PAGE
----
For the last five weeks, I, like most others in this country who aren’t essential workers, have spent every day at home, seeing no one other than the people who live in my house and the occasional neighbor who walks by at least six feet away. This period of time has been full of so many emotions. Over the course of a day, grief, anxiety, sadness and fear of the future may be mixed with moments of hopefulness, newfound gratitude, relief, delight and joy. This mix is different for each of us as we navigate the myriad ways this pandemic is reshaping our lives.

Amidst this range of emotions, this time has also been profoundly disorienting. For those of us who don’t have the regular rhythms of going in to work and going out to meetings, visiting family and friends, and attending classes and activities, each day can seem to blur into the next. Monday looks a lot like Tuesday; our “office” looks pretty similar to our living room, and many of the distinctions between “personal” and “professional” have, by necessity, faded away. Boundaries we once used to guide us are melting away as all facets of our life—once separate—are now tangled together.

As a rabbi who serves as the executive of an organization and who is now home every day with two extremely energetic children under the age of 6, there are ways in which this blurring of boundaries has been confusing and exhausting. Most weekdays look like me scrambling to prepare my kids lunch in time to get them fed before I have to jump on my next work call—moving from constructing LEGO ships on the living room floor to counseling a couple as they prepare for their wedding, and then getting right back to LEGO. Then it’s on to attending a staff meeting—each of my colleagues’ faces in a grid across the screen—as I turn up the volume on my computer to try to drown out the sound of stampeding children’s feet and high-pitched shrieks as our kids chase each other around the house until they tackle each other, resulting in laughter easily mistaken for tears, or perhaps it’s tears that sound like laughter. It’s hard to feel like I am ever fully in work mode or fully in parenting mode—always, to some degree, toggling between the two. What I’ve always done my best to keep as two separate worlds have now become profoundly mixed.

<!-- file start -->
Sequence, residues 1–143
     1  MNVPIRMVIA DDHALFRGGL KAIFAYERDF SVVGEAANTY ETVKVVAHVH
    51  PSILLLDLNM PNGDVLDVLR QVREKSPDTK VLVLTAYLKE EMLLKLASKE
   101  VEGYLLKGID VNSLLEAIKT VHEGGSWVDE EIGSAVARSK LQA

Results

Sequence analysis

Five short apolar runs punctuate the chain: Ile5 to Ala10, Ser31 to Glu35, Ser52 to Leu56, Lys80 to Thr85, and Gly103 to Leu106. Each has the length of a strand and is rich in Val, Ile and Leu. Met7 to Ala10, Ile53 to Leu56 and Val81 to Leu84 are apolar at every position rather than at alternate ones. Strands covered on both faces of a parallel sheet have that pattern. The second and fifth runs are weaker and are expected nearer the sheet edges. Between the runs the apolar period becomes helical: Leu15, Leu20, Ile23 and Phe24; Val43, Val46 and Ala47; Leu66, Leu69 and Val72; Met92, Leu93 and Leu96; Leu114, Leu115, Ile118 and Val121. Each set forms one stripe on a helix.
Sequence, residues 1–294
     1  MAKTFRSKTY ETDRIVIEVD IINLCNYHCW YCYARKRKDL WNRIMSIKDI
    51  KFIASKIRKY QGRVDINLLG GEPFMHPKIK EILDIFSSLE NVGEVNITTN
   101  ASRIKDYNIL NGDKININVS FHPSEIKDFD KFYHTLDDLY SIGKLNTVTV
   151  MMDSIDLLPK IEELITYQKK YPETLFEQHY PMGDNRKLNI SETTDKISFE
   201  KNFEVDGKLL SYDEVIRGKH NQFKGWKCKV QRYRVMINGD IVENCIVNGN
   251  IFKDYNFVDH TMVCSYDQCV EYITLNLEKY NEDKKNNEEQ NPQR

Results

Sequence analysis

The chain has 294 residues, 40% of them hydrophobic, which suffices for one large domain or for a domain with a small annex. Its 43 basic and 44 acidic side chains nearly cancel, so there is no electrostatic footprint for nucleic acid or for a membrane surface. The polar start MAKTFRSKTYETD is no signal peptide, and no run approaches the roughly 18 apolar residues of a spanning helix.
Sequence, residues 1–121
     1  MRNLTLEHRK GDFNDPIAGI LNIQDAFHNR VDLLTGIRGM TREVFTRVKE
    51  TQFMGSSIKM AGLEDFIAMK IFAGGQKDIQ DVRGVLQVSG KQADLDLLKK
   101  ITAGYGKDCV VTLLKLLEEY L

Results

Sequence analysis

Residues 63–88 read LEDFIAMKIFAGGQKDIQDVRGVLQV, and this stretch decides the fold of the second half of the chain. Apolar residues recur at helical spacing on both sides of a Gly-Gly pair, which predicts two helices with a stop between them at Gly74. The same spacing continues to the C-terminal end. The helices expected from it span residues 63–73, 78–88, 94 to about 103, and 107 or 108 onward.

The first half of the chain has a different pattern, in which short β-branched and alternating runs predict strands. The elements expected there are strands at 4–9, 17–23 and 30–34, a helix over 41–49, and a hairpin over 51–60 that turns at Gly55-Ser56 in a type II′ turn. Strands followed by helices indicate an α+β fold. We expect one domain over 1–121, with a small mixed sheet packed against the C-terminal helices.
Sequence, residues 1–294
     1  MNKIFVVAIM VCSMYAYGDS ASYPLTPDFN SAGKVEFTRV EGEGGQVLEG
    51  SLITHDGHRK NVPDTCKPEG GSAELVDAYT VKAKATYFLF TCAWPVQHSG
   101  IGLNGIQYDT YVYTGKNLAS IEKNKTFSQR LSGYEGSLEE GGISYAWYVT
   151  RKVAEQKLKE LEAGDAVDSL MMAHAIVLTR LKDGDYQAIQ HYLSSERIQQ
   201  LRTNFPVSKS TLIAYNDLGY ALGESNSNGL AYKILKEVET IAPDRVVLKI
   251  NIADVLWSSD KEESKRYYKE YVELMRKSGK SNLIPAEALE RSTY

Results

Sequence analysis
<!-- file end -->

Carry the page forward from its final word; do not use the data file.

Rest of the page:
In this week’s Torah portion, Parashat Shemini, we are given specific instructions to not blur the boundaries. In Leviticus 9-10:10, Aaron is instructed, “It is an eternal statute for your generations, to distinguish between the sacred and the profane (l’havdil bein ha kodesh u’vein ha chol).” In its context, this verse is a directive to Aaron to refrain from intoxicating drink so that he would be able to distinguish between a holy service and one that had been profaned. A clear-cut and regimented system is set up to support the priestly class in doing their sacred work, enabling them to have strict definitions of what “counts” and doesn’t; what constitutes holy work and what is in the category of mundane.

As I reflect on this line during this time, in which all of our lives have been profoundly shaken up, I wonder if, in fact, there are times in which we might find holiness in the radical remixing of the categories we once held dear.

With all of its many challenges, the blurring of personal and professional boundaries brought about by this time has also been profoundly beautiful. Not only am I spending more time with my kids, nurturing the connections in our family in new ways, but this mixing of worlds has also changed how I show up at work. While less polished and rehearsed, I am—by necessity—more authentic and real.

And I know this change goes far beyond just me. The rectangular Zoom frame that so many of us interact with all day not only exposes the messiness of our lives, but it is also an incredible window into the fullness and complexity of other people’s lives as well. Over the course of the many online programs we’ve led for folks in our community these past few weeks, I’ve seen them participate fully and eagerly in the program as they also nurse their babies, knead challah for Shabbat, help their kid with a math problem, mediate a conflict between siblings, eat lunch, lay down on the couch, pet their cat and snuggle their dog. While there is enormous loss in not being able to be together in person, there is a way in which this mixing of worlds has invited—or demanded—that we be more who we are more of the time than we ever have been before. And there is a beautiful holiness in that.

We read Parashat Shemini just after we conclude our celebration of Passover, a holiday in which we are commanded to see ourselves as if we ourselves are leaving Egypt. Torah teaches that we crossed the sea as a “mixed multitude.” In that time of radical change and upheaval, boundaries once held dear were subsumed by the larger task of escaping from the narrowness that confined us and making our way to freedom. Perhaps this time of narrowness in which we find ourselves today calls for a similar breaking down of categories—of what is personal and professional; of what is mine and what is yours; of what is and what we believe is possible.

adina-allen-700pxMay we embrace the radical remixing brought about by this time, and may we learn to call it sacred.

Entrepreneur and artist Rabbi Adina Allen is the co-founder and creative director of the Jewish Studio Project, an arts-based nonprofit in Berkeley, CA, that blends traditional Jewish learning with a creative arts studio. She is a 2014 graduate of the Rabbinical School of Hebrew College.

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